Tuesday, June 12, 2012

Frackin' Morons

It's hardly comforting to know that the California state legislature is just as prone to cut deals with lobbyists as our representation in Washington. My latest sense of outrage was provoked by Michael Hiltzig's latest column.

Fracking has a lot of friends these days. There's the oil and natural gas industry, which spends more than $4 million a year lobbying in Sacramento. And there's Halliburton Co., which pioneered the technique in the 1940s and remains a huge player in the field. The company's former CEO, ex-Vice President Dick Cheney, got Congress in 2005 to exempt fracking from regulation under the Clean Drinking Water Act, and it employs one of the best-connected lobbying firms in the state.

Now, I hadn't realized that fracking had been going on here in California for quite a while, since the 1960s according to Hiltzig. Unlike the current use of the process to tap into natural gas, the California fracking has been used to get at oil deposits too hard to reach by the normal procedures. Apparently state regulators weren't keeping up either. They knew there were some fracking 'wells', they just didn't know how many or where they were. Nice, eh?

All of the came to light when another company (Veneco) wanted to use fracking in the Monterey Shale region. State Sen. Fran Pavey (a Democrat) wanted to find out more about current regulations only to discover that there were none and the state agency which is supposed to have oversight had no information. Apparently the agency was content with "self-regulation" by the oil and energy companies.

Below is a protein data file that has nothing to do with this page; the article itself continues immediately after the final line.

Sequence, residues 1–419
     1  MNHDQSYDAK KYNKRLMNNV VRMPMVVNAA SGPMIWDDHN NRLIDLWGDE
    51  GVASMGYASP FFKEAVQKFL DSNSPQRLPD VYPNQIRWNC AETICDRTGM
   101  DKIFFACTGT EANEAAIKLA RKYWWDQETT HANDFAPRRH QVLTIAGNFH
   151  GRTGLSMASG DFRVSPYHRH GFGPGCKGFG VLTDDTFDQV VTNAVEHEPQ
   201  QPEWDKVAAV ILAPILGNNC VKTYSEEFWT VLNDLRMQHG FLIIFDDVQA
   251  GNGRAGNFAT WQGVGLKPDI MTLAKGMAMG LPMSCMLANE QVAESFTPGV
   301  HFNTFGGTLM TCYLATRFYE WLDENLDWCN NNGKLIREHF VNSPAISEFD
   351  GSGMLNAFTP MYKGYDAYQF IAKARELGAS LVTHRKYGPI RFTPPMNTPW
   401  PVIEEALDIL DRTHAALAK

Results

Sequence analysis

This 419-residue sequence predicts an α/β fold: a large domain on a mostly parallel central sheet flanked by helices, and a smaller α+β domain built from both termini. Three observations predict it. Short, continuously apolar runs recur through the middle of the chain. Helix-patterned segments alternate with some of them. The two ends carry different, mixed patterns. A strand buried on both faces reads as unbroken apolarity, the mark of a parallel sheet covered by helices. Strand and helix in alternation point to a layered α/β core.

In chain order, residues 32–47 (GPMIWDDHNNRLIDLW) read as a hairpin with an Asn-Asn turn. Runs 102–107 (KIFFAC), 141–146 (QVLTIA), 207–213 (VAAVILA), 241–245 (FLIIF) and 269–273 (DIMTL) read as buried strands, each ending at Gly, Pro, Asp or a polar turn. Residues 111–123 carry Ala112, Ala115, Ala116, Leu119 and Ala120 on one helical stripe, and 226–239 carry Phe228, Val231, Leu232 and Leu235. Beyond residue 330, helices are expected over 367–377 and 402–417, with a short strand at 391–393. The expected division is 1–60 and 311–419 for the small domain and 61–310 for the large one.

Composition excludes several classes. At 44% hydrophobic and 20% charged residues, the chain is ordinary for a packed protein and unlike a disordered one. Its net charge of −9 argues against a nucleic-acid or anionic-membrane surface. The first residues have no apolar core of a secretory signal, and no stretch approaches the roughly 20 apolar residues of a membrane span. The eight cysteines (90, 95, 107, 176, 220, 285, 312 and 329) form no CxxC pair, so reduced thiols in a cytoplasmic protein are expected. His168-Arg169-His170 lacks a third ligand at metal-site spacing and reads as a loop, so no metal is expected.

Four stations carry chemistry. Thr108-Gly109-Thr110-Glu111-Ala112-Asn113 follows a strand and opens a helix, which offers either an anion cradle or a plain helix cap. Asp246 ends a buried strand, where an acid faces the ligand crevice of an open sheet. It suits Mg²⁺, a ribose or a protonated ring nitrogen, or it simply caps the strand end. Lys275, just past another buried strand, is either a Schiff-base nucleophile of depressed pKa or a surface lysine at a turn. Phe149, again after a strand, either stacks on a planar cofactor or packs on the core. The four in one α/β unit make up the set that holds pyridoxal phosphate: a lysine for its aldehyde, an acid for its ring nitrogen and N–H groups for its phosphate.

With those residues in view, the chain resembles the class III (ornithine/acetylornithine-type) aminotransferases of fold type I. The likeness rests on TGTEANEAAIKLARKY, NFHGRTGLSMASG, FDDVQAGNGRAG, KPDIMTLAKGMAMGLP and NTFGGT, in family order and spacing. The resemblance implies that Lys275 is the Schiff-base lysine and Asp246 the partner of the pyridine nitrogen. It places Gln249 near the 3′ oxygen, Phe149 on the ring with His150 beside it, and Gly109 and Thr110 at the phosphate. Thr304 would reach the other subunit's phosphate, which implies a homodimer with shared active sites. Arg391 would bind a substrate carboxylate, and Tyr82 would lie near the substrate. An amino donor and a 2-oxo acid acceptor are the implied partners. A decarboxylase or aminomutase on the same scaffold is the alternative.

So Sen. Pavey introduced a very modest bill, and it never made it out of committee:

The slain bill, introduced by state Sen. Fran Pavley (D-Agoura Hills), would have done nothing to actually regulate fracking. It merely would have required that drillers notify local property owners and water authorities in advance that fracking was going to take place, and that groundwater be tested before and after the drilling so that any damage produced by the drilling could be pinpointed. The idea, Pavley says, is that "if there's nothing to worry about, let's go through a thoughtful monitoring and reporting approach to address the concerns the public has."

Nevertheless, whether out of ignorance or misplaced solicitude for a well-financed industry, the state Senate killed the bill in a bipartisan 18-17 vote. Another bill, much watered down, remains on life support in the Assembly.
[Emphasis added]

Mr. Hiltzig is being too generous. The industry doesn't want any regulation and its members don't want the public to know what chemicals are being used because they don't want to get stuck with the costs of cleaning up the mess they will undoubtedly make. That industry got their message across to state legislators. I guess we'll have to find a way to get our message across. November is coming up.

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